Last update: 27.09.2014 - older versions

DAB services were on air in Canada’s major cities - Toronto, Montreal, Vancouver, Ontario and Ottawa for around 10 years with coverage reaching about 35% of the population. While the most of the world has uses DAB or DAB+ using Band III, Canada’s digital output was restricted to L-Band. This has resulted in a lack of receivers in the market, high prices and slow consumer uptake. Combined with the fact that the US, has opted for a different system of broadcast, this has led to a complete re-think by the regulator, CRTC, and broadcasters on the future direction of digital broadcasting in Canada. The situation is complicated by the need for spectrum, currently occupied by dormant DAB transmitters, for new digital TV and broadband roll out.

The CRTC has discarded its 1996 plan for DAB replacement of all AM and FM radio. Instead it proposes keeping these stations on analogue and using L-Band for new digital multi-media services. However, stakeholders are considering how L-Band is used in other countries before deciding how to reallocate the spectrum. As a result, while existing DAB multiplexes are slowly being dismantled, there is no firm plan for replacing them and delivering digital radio services to Canada’s population of 32 million potential listeners. Canada’s broadcasters are expected to lobby for a portion of the L-Band spectrum to be retained for broadcasting services.

Last update: 27.09.2014 - older versions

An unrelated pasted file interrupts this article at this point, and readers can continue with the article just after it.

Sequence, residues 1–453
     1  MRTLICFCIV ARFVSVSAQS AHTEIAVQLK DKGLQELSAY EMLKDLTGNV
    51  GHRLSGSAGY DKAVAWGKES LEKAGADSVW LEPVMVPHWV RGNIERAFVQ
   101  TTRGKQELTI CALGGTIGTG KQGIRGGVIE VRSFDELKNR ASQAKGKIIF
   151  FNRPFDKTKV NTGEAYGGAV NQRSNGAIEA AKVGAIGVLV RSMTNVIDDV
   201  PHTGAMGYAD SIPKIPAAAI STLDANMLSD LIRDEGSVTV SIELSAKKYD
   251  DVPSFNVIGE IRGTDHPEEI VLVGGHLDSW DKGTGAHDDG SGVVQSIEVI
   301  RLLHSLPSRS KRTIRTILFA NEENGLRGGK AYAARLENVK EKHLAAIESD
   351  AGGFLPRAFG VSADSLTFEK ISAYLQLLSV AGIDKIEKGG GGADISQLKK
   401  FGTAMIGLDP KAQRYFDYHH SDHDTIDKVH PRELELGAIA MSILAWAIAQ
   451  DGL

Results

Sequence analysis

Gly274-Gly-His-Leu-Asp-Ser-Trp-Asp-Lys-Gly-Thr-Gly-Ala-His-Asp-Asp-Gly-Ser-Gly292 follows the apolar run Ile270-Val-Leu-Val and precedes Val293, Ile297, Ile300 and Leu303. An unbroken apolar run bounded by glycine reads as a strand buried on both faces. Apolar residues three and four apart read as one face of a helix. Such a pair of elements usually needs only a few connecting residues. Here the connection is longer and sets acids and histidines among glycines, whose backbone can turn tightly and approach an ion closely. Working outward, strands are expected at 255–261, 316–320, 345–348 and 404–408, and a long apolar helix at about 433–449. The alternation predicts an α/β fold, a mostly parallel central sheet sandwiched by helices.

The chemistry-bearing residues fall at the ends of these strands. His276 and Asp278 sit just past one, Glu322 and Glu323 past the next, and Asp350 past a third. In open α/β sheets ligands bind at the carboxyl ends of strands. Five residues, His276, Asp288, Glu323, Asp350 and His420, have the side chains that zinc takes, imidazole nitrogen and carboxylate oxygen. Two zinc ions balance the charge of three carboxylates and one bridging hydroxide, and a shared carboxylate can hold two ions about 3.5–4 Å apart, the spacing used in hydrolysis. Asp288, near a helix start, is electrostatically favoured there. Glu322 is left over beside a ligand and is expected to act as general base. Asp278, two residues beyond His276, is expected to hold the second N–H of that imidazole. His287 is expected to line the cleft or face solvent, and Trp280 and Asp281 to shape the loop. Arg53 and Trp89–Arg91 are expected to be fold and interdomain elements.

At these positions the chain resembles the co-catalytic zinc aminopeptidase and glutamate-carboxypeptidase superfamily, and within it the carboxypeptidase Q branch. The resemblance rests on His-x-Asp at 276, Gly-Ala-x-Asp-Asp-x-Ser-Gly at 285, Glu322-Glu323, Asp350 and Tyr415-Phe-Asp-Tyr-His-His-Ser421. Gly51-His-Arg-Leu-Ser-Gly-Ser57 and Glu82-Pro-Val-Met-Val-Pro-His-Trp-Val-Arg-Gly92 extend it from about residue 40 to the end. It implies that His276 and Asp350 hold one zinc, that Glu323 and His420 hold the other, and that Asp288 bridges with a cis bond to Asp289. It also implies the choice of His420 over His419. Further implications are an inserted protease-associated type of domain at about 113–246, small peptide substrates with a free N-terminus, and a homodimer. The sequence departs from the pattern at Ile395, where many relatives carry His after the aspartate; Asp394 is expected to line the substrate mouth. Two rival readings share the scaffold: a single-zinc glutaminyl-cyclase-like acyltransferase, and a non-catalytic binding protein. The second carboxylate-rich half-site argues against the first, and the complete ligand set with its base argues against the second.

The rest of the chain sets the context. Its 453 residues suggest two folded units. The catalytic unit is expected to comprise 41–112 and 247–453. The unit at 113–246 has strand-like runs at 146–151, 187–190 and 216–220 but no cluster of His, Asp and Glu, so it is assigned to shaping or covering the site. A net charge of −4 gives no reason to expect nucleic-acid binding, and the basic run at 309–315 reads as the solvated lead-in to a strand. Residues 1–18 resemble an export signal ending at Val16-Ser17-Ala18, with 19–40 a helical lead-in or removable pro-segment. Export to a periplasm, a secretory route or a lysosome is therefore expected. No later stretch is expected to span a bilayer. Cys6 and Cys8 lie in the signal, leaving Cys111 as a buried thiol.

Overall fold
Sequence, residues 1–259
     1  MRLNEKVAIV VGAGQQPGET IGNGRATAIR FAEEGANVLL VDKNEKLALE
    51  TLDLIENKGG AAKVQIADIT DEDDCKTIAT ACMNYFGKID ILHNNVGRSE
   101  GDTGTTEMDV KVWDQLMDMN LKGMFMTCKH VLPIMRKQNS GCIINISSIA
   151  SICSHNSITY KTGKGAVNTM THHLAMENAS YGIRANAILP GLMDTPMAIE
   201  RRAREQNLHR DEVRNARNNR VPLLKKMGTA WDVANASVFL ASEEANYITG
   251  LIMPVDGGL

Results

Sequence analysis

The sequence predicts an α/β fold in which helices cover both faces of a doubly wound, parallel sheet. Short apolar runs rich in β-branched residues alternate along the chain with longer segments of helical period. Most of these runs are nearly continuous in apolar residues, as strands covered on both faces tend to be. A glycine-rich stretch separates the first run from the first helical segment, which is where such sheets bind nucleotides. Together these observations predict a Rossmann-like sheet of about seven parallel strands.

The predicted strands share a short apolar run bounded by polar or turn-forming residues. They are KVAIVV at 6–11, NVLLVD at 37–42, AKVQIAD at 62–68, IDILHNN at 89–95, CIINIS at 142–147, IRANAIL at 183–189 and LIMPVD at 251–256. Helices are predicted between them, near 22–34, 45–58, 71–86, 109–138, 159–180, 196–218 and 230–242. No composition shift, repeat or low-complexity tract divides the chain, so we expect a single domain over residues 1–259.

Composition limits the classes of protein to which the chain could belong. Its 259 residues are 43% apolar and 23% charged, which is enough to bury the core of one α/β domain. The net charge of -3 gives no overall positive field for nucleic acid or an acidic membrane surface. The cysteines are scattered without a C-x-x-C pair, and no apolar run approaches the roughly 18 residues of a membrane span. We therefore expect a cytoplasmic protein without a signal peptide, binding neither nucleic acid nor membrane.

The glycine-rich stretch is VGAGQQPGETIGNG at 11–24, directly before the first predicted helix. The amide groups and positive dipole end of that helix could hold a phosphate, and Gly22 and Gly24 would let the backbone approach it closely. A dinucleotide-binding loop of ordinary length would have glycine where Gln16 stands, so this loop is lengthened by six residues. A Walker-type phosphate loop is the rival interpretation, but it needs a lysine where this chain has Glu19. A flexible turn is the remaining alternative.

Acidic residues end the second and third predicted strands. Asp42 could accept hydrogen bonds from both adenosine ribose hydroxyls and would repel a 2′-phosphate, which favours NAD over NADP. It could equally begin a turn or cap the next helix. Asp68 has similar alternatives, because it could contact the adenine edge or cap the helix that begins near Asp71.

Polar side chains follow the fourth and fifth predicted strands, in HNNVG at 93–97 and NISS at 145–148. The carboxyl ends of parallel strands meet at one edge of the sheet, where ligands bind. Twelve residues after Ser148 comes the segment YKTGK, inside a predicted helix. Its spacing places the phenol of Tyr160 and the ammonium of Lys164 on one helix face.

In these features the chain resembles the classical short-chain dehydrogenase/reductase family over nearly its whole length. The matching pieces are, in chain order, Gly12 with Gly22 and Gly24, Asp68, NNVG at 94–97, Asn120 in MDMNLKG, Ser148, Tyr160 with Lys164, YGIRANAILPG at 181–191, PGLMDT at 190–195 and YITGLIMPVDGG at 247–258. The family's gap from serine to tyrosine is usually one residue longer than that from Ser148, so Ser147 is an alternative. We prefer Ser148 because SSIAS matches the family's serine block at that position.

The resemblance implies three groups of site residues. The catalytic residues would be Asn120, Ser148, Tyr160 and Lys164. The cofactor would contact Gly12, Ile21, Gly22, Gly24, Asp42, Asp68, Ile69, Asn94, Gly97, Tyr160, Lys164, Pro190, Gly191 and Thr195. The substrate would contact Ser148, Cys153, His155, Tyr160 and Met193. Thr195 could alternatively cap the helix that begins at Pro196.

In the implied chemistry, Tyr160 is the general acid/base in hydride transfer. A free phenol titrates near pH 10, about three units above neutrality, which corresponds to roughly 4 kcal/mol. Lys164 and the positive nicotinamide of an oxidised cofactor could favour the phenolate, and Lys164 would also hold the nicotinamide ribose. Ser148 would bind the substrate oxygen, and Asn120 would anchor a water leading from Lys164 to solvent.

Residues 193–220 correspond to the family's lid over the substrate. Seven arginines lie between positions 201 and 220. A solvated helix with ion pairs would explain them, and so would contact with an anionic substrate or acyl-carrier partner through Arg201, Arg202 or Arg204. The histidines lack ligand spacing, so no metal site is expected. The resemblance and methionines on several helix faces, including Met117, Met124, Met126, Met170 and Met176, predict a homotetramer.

Radio-Canada (CBC) and Communications Research Centre Canada carried out demonstrations of DMB in Montreal, Toronto and in Ottawa to raise the awareness of these DAB-based technologies among broadcasters, regulators and Telecom (Mobile) industry. There were also seven DAB stations (four commercial and three public) field-testing in Halifax, Nova Scotia. A service was also on-air in Windsor in 2000 however this has now ceased.

Last update: 27.09.2014 - older versions

In its 1995 transitional policy, the CRTC allowed a maximum of five programmes per multiplex, which prevented
broadcasters from offering an attractive choice of programmes on DAB. In 2006 in response to requests from broadcasters, the Canadian Radio-television and Telecommunications Commission (CRTC) agreed to change Canada’s 1995 transitional policy to allow more freedom to provide DAB only programmes to attract more consumer interest (i.e. more services per multiplex, use of L-Band, multimedia, subscription). There is no news on the future of regulation in this market.




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Status: interested in the past